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A company refers to a group of people working towards achieving a common objective. In legal terms Section 2(20) of the Companies Act 2013 defines company as, “a company incorporated under this Act or under any previous company law”. In other words, it can be said that a company is a legal entity formed by a group of individuals incorporated by fulfilling the legal requirements as given in the Company Act 2013 or any previous act. The article will deal the status of company as a separate legal entity and simultaneously try to find the whether a company can be sued.
Company as an artificial person
A company is considered as an artificial person because it is considered as a separate legal entity in the eyes of law. On breaking down the statement word by word, it may be inferred that the company is artificial as it is created by a due process and not by natural birth. It is a legal entity as by following the due procedure it gets recognised in the eyes of law and it is a separate entity different from its members.
Doctrine of Corporate personality
The incorporation of a company is an artificial entity recognized by the law as a legal person that exists independently with rights and liability. Therefore, it is treated as a separate person from its members. This feature of the company is based the principle of corporate personality, which means that the company is recognized as a separate legal entity, an artificial personality which has certain rights and duties. The doctrine of Corporate Personality was approved for the first time in the leading case of Soloman vs Soloman & Co. Ltd.
A corporation has a personality of its own which is different from the personalities of the members of the company. A corporation can sue and be sued. A Corporation can enter into contracts and can possess properties. This separate legal personality has the consequence that a company has perpetual succession. However, unlike a natural person, a company can act only through its agents. The life of the company is not affected by the death, disability, insolvency, or disagreement of a shareholder. Its existence ends when it is wound up pursuant to the Companies Act. The shareholders may come or go the life of the company like an artificial person is least affected by these changes. Law provides special procedure for winding up of a corporation.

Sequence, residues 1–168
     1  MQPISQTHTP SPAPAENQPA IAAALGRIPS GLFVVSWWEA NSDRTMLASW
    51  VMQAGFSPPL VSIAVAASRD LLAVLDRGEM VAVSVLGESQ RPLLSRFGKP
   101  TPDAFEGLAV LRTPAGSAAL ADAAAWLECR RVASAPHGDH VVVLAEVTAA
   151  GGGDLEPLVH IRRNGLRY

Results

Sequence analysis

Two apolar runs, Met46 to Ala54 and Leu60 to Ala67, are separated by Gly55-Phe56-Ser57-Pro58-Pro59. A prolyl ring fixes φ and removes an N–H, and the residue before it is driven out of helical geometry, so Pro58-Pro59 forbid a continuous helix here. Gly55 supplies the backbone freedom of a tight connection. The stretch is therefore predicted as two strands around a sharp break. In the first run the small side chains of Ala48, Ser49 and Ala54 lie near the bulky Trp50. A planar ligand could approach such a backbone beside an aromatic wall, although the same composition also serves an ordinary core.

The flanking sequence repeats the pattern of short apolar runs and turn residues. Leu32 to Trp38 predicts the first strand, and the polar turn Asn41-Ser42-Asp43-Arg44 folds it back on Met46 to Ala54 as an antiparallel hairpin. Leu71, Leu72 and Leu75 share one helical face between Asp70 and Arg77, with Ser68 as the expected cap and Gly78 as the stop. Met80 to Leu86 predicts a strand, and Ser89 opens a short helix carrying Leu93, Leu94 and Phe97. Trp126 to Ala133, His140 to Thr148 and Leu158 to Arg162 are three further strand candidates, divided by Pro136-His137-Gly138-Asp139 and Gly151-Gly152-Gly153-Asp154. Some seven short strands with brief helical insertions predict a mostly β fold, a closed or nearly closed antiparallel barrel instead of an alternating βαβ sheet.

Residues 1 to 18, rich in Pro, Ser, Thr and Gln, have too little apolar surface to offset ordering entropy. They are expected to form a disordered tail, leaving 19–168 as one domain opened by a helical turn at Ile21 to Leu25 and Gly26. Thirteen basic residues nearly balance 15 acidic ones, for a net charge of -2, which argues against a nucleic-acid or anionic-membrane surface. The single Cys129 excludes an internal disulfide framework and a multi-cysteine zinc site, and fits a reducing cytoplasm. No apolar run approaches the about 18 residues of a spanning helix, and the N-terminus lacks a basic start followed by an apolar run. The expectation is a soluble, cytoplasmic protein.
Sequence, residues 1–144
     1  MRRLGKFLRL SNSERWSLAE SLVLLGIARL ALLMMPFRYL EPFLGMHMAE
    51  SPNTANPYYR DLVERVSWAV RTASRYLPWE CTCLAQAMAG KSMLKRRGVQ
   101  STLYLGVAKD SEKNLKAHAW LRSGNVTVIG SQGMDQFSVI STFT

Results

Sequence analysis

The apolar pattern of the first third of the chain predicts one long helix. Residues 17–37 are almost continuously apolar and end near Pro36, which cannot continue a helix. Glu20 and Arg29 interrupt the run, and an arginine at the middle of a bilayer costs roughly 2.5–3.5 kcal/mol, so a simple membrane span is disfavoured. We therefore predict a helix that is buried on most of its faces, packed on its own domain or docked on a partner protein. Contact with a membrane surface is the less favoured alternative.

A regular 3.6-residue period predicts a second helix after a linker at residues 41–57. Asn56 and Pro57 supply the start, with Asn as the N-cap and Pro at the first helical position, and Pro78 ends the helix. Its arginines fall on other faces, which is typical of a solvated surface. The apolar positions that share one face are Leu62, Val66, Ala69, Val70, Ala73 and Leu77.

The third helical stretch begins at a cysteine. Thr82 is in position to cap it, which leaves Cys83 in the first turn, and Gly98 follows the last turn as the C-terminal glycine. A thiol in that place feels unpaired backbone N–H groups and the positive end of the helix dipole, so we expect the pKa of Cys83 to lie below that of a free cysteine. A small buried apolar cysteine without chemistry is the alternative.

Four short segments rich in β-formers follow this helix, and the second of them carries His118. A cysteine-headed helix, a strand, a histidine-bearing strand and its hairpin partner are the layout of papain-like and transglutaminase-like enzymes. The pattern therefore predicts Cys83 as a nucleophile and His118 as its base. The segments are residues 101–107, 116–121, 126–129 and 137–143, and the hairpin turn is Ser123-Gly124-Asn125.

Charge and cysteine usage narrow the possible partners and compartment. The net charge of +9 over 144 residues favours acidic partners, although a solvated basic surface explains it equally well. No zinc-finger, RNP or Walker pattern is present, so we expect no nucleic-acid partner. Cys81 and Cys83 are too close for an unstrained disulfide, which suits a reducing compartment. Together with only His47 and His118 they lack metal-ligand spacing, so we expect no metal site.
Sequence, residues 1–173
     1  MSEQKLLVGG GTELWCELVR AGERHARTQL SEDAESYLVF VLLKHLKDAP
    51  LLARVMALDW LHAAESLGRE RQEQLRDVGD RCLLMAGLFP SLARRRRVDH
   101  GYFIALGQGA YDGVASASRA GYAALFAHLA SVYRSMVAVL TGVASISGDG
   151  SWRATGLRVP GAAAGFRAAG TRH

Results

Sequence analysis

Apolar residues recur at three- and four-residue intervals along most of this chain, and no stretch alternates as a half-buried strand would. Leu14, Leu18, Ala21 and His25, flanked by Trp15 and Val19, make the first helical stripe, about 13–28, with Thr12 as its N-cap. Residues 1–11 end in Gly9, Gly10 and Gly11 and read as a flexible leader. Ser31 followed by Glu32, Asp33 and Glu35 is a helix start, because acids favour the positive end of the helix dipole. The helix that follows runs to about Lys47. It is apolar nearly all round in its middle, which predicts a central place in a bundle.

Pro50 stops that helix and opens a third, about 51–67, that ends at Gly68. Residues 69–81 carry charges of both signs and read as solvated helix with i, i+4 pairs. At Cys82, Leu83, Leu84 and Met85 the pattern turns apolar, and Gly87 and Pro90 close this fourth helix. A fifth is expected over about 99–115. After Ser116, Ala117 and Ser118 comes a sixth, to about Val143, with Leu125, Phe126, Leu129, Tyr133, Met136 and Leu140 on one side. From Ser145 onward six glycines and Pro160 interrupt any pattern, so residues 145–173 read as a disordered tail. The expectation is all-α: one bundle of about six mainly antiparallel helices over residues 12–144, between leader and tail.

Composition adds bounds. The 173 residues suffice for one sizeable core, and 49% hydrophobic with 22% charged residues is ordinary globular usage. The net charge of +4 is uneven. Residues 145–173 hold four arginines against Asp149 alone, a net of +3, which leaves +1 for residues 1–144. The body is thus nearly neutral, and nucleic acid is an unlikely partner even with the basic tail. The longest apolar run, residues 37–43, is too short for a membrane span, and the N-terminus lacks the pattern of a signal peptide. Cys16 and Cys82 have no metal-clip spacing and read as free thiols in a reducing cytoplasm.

The liability of the shareholders is limited to the value of the shares held by them, it means if a company fails to pay its obligations, the personal properties of the shareholders cannot be sold for the settlement of business debts. Hence a company is an artificial or fictitious person created by the personification of a group or a series of individuals. The individuals forming the corpus of the corporation are called its members. In simple words, it is an organized the body of coexisting or successive persons, which by a legal fiction is regarded and treated as itself a person.